You're saying that if I walk up to the counter with a handful of Stanley Nickels or a fist-full of Schrute Bucks, we're square?

What about Chuck E. Cheese tokens? Chocolate coins?

There's been talk in the national news lately of bartering for healthcare, so can I pay with a cornish game hen?

It seems the ad in question may need to be adjust if there are others out there like me, and I'm only getting started. Consider the following forms of payment:

- Expired coupons for Jell-O;
- Shiny rocks;
- Piggyback rides;
- Hugs;
- Verbal lashings;
- Strands of Big League Chew;
- Dirty diapers;
- "Rules of blackjack" playing cards;
- Half-eaten M&Ms;
- Video-cassette recordings of The Chevy Chase Show.

Naturally, this list is not all-inclusive. Please comment on your favorite potential forms of payment that are not mentioned above.

Tuesday, May 11, 2010

Lost, definitely lost

Per the strict guidelines of the Hot Lutefisk act, I must update The Writings this very evening. Unfortunately, my brain is simultaneously trying to comprehend the episode of Lost that just ended and deal with the fact that the Royals are losing 7-1 to an unbelievably mediocre Cleveland team. If you'd like your mind to feel similar, strike your spacebar repeatedly for 45 seconds... with your forehead.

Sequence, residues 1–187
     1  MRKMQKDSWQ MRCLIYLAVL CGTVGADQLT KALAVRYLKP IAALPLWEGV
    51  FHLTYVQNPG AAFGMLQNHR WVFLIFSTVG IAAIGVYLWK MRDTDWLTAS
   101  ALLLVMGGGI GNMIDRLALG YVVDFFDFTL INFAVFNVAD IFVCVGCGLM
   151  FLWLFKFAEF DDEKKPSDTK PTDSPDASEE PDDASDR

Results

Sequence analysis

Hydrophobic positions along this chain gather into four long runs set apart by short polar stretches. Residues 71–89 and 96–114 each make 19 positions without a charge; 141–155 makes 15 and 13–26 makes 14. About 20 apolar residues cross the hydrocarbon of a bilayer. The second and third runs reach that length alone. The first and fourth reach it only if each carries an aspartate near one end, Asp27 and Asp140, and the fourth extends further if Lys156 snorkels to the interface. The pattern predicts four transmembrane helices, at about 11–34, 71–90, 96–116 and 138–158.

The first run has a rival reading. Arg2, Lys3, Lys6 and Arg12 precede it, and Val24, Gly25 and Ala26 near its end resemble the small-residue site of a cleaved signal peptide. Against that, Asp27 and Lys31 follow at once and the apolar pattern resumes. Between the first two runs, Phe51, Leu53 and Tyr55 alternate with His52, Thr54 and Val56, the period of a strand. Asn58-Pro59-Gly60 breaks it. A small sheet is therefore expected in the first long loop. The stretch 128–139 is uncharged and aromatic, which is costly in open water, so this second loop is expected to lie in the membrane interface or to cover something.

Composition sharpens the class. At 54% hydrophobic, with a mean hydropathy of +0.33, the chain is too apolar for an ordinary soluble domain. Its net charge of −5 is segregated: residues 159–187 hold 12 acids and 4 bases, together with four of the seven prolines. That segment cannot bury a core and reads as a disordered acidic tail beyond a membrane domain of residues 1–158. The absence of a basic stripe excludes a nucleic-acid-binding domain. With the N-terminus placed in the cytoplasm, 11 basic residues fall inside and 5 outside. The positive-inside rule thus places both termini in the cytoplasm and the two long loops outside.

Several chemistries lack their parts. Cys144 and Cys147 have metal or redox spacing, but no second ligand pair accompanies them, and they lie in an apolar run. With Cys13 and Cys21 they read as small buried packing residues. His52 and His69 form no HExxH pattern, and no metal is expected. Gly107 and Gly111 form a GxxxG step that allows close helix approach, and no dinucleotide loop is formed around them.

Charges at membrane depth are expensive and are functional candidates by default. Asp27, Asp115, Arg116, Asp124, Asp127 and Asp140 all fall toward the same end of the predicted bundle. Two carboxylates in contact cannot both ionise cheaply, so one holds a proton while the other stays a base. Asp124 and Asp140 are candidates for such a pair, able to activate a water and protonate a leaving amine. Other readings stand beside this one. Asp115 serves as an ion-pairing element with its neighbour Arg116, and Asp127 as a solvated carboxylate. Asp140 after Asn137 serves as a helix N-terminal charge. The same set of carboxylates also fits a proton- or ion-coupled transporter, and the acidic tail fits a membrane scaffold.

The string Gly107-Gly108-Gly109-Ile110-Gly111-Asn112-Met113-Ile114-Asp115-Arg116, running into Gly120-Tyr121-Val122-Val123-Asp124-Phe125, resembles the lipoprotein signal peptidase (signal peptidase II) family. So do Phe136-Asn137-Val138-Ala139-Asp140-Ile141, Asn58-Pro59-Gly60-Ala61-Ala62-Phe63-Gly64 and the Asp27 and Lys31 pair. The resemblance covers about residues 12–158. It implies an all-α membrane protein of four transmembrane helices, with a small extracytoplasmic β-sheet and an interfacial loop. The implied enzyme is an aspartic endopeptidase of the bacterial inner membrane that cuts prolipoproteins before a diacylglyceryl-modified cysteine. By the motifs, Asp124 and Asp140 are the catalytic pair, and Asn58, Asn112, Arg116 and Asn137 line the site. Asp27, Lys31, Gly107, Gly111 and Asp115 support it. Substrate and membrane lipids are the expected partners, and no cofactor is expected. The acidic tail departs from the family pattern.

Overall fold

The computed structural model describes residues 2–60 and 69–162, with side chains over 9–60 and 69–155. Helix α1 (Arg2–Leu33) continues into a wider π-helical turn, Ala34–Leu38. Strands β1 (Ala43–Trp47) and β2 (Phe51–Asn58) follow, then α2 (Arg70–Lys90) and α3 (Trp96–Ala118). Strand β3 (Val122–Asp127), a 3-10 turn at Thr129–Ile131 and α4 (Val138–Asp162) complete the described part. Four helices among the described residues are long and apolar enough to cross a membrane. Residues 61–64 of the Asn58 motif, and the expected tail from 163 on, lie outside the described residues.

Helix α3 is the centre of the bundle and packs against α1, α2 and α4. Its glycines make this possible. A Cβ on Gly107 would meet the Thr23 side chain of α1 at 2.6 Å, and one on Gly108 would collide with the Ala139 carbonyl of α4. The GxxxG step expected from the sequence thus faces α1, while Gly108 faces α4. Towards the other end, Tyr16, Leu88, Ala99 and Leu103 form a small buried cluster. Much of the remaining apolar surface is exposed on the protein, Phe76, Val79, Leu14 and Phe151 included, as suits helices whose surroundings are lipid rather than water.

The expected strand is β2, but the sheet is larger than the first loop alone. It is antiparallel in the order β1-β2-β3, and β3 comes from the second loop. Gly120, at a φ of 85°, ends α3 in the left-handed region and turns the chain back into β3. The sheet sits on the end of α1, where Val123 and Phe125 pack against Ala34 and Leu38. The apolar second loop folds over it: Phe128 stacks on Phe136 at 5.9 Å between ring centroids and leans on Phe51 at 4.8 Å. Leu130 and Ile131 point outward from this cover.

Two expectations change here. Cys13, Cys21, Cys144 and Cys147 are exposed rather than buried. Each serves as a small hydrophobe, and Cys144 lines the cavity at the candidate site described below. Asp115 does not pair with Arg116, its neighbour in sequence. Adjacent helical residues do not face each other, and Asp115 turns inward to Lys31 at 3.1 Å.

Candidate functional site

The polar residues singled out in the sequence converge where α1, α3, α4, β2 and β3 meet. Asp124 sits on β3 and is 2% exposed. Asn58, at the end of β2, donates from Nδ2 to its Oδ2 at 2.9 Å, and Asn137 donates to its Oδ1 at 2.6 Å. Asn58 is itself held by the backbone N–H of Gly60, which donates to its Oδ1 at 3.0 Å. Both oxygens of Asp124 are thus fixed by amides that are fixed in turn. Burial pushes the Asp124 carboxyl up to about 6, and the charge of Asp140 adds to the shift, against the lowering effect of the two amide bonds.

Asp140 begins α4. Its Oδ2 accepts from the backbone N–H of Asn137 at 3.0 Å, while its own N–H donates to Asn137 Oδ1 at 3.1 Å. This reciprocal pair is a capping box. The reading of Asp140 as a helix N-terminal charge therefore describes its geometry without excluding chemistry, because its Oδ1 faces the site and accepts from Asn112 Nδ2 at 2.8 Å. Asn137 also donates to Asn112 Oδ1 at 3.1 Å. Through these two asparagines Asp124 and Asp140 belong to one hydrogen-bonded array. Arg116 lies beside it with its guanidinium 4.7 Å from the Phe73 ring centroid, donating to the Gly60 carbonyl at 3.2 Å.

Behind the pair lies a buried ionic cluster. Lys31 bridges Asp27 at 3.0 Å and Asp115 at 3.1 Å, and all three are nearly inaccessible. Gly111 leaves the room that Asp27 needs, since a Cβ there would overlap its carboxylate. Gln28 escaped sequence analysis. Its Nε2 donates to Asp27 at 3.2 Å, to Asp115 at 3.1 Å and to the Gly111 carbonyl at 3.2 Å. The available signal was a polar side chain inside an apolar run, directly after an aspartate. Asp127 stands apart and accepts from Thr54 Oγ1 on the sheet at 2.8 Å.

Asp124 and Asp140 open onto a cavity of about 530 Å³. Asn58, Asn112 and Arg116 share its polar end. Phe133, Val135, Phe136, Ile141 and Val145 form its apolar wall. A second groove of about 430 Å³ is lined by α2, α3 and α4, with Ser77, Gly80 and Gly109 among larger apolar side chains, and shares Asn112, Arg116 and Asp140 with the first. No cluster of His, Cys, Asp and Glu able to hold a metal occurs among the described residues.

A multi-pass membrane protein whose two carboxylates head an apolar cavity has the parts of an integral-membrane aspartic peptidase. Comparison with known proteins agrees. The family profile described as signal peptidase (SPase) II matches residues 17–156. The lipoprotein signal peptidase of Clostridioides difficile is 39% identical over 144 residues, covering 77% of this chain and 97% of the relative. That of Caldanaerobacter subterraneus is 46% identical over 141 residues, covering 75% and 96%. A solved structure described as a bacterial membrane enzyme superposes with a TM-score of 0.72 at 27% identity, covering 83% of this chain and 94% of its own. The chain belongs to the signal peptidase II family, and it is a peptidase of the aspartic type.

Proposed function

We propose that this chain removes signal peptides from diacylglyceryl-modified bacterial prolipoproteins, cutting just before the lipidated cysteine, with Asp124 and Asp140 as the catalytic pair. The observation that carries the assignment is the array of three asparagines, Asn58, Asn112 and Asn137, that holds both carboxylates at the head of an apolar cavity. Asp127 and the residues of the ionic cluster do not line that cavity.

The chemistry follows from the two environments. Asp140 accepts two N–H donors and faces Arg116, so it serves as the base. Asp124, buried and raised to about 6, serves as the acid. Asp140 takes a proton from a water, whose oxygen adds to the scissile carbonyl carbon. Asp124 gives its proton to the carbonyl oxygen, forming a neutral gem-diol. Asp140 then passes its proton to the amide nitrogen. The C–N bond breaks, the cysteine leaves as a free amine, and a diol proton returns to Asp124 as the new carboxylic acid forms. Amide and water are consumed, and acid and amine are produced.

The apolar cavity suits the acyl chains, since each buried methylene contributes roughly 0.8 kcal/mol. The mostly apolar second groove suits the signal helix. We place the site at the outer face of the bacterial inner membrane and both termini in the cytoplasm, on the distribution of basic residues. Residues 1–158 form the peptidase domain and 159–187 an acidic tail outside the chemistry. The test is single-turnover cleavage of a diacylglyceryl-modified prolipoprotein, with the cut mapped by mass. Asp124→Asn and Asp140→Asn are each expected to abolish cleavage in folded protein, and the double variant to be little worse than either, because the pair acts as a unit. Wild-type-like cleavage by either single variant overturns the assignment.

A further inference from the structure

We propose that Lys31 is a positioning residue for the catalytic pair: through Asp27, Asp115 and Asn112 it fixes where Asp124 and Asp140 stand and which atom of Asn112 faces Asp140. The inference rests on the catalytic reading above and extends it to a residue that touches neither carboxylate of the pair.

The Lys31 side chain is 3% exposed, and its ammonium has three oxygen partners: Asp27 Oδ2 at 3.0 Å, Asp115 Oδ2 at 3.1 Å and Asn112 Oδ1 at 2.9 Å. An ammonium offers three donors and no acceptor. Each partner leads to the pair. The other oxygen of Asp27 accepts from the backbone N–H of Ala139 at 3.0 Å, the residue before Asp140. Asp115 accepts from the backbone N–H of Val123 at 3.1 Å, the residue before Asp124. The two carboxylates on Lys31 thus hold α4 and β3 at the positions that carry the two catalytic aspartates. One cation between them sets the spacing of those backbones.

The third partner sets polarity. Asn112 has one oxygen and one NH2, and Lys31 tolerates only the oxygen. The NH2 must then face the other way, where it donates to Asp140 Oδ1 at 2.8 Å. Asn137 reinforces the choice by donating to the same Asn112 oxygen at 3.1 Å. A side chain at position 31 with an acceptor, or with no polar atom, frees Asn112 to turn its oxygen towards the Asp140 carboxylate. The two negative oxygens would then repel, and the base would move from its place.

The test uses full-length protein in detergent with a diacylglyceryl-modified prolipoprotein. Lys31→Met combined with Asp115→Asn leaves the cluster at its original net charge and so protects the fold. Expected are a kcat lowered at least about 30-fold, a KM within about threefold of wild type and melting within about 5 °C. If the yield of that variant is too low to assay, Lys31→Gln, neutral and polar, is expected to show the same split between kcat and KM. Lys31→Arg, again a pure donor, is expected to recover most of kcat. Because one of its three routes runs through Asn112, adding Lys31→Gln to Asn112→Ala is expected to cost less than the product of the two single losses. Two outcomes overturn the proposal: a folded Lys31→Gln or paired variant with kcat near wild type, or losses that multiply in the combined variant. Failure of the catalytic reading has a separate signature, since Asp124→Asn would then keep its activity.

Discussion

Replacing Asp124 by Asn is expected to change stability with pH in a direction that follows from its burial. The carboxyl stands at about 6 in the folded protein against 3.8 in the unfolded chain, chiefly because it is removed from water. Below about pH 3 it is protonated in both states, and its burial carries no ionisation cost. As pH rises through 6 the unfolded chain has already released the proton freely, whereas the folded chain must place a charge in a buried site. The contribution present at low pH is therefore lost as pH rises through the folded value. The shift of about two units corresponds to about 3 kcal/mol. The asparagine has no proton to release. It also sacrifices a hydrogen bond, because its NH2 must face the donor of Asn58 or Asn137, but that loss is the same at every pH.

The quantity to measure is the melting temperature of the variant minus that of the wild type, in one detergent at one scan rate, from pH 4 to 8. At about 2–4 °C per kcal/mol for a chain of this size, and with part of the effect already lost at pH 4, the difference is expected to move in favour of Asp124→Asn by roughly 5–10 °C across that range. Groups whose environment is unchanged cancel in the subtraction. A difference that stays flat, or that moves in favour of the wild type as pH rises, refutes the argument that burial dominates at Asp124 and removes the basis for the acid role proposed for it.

While I have learned even more about smoke monsters and lousy relievers than I knew a few hours ago, I don't really feel that either item would make much of a blog topic right now. After all, as has been recently revealed, one is the embodiment of all that is evil... and the other is a character on a fictional television show. (Insert rimshot here)

After such an evening, any chance at crafting text that comes off as creative, funny, or even worthwhile is, well, lost. (And let's be honest, chances weren't that great to begin with.) Instead, I'll simply leave you with a wise proverb:

Son, if you really want something in this life, you have to work for it.
Now quiet! They're about to announce the lottery numbers.

- Homer Simpson

Monday, May 10, 2010

The Big Math-Is-Tough Conference

Rumors swirled today that the Big Ten Conference (which actually features 11 schools) had finally acted on long-discussed talks of expansion by making offers to join the conference to four new schools. Such a story is big news here in the Midwest because two of the schools rumored to be invited to the Big Ten (because apparently 11 doesn't sound good) are Big 12 members Missouri and Nebraska. Since the reports came out earlier today, representatives from Missouri and Nebraska have been busy denying that any such offers have been made. Thus, the major news of the day is really that nothing happened.

Now, I have no idea how formal offers to join a conference like the Big Ten (plus one) are actually passed around, but for some reason I can't get the image of the Big Ten Conference commissioner Jim Delany passing a note Nebraska Athletic Director Tom Osborne. The note is a quarter-sheet of wide-ruled paper torn hastily from a spiral notebook. On it is scribbled "Do you like me?" with a pair of check-boxes; one next to the word "yes," the other next to the word "no."